The blue hue of the pre-dawn light reflected in the windows of the wintry skyline as I parked in downtown Chicago. Hesitant to leave the warmth of the car for a cold day of photography, I grabbed my camera, extra rolls of film, and a tripod I slung over my shoulder like a frozen log.
A few minutes into the journey, I could already feel icicles forming in my beard. The route was quiet at first. Only a few souls, wrapped in nylon and polyester like colourful burritos, occupied the bus stops and parks. Yet despite the frigid weather, it wasn't long before the city was bursting with life.
As the sun swelled in the sky, droves of people shuffled from commuter stations and blurred as they hurried over bridges and traversed the avenues. The "L" trains spread like branches through the streets as they screeched above crowds on viaducts so rusty you could almost taste the iron on your tongue.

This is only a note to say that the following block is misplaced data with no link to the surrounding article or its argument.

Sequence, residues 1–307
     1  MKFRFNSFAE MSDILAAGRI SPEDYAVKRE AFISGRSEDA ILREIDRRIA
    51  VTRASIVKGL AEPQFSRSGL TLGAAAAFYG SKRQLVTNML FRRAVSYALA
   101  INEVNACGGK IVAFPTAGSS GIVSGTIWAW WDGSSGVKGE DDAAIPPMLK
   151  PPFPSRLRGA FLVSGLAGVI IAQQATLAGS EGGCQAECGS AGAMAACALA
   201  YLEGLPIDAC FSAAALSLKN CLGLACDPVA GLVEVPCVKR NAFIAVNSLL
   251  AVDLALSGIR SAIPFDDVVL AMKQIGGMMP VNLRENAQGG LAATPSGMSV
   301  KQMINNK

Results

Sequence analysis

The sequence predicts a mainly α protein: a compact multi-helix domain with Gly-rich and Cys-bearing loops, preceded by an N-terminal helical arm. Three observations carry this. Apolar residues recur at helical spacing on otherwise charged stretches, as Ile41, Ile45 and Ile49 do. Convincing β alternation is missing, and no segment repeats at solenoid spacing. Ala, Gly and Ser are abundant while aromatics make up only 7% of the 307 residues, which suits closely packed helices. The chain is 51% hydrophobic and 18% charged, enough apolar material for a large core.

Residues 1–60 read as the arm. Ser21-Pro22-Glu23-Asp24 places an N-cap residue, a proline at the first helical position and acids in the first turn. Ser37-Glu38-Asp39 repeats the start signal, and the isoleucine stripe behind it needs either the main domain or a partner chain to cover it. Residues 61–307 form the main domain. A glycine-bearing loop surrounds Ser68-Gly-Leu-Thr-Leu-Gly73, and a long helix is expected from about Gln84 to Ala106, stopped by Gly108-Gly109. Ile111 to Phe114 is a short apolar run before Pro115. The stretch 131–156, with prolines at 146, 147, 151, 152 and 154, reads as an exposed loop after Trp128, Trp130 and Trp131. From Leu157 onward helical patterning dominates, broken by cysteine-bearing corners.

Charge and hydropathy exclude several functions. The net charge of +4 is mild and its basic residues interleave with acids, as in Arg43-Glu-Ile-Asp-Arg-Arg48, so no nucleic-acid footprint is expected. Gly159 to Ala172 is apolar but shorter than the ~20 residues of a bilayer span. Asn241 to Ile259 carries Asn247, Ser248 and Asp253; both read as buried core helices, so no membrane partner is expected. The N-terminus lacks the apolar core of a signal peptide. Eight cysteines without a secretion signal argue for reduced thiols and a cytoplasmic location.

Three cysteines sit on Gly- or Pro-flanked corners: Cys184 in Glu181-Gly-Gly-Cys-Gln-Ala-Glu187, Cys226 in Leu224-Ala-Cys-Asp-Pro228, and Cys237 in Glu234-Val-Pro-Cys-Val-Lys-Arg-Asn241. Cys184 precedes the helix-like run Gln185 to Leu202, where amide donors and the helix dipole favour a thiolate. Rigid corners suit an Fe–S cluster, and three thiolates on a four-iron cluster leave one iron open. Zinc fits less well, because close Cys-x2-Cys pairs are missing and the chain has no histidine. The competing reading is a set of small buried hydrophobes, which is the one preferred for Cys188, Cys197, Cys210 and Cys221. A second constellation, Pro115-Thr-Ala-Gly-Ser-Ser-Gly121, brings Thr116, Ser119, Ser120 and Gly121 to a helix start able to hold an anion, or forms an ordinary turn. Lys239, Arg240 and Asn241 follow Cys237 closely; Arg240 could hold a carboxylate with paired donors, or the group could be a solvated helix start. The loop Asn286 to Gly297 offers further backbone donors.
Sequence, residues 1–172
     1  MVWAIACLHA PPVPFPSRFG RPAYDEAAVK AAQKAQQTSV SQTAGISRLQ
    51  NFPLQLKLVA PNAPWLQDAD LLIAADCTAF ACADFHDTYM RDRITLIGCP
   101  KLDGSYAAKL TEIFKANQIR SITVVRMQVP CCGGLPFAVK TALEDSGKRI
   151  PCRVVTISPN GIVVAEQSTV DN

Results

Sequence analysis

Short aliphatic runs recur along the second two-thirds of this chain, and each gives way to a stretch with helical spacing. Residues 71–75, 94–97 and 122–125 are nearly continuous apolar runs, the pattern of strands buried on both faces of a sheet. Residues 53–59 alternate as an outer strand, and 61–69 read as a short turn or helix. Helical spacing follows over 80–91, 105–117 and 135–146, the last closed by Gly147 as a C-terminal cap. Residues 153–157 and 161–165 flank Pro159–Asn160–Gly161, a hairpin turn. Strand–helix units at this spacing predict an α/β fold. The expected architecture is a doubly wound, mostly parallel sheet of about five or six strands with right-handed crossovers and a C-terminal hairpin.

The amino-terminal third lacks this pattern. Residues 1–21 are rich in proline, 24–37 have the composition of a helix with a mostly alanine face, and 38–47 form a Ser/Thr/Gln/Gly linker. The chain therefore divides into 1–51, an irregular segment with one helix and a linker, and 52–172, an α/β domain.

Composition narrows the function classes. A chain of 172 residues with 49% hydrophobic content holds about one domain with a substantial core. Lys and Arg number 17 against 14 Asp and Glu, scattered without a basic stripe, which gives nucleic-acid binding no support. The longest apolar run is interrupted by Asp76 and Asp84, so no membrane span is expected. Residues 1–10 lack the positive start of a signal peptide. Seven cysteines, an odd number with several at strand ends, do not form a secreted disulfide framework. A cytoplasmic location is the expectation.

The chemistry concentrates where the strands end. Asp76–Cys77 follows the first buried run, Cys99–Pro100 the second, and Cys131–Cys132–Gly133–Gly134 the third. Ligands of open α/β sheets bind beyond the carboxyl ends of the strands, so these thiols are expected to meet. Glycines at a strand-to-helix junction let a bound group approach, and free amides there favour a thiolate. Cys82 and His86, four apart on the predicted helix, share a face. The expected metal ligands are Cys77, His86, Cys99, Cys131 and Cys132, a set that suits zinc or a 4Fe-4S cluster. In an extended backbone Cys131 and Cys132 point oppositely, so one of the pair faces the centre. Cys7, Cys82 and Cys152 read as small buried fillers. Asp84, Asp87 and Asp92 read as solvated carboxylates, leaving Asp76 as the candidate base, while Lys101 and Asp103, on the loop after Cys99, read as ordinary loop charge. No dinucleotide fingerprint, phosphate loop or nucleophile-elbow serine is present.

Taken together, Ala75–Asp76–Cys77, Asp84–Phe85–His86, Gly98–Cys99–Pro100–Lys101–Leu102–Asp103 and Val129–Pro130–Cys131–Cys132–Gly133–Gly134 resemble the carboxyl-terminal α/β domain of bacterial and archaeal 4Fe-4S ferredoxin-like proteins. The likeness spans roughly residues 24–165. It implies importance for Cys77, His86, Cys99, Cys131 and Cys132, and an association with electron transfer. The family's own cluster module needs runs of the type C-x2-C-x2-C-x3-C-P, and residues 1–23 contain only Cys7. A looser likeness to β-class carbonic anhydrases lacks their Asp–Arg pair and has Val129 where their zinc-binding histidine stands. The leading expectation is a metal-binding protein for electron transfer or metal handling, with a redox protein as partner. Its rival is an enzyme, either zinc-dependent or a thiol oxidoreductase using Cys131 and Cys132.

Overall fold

Every block felt like its own short story. In the alley to my left, a ray of light slashed diagonally across a brick wall, fracturing into dozens more as it passed through a fire escape and blinded the passers-by on the pavement below. Another block up, hotel guests sauntered in and out of pools of sunlight, their breath hanging in the air as they dragged fancy luggage behind salt-encrusted boots.
Regardless of the neighbourhood, everyone I passed that day seemed immune to the cold. Sure, maybe some grew irritated by it, but Chicago is undoubtedly a tough city with a particularly hardy breed of people. Later that night as I returned to the comfort of my vehicle, it was clear the magic and beauty of this frozen metropolis hadn't disappeared just because the warmth of the summer had.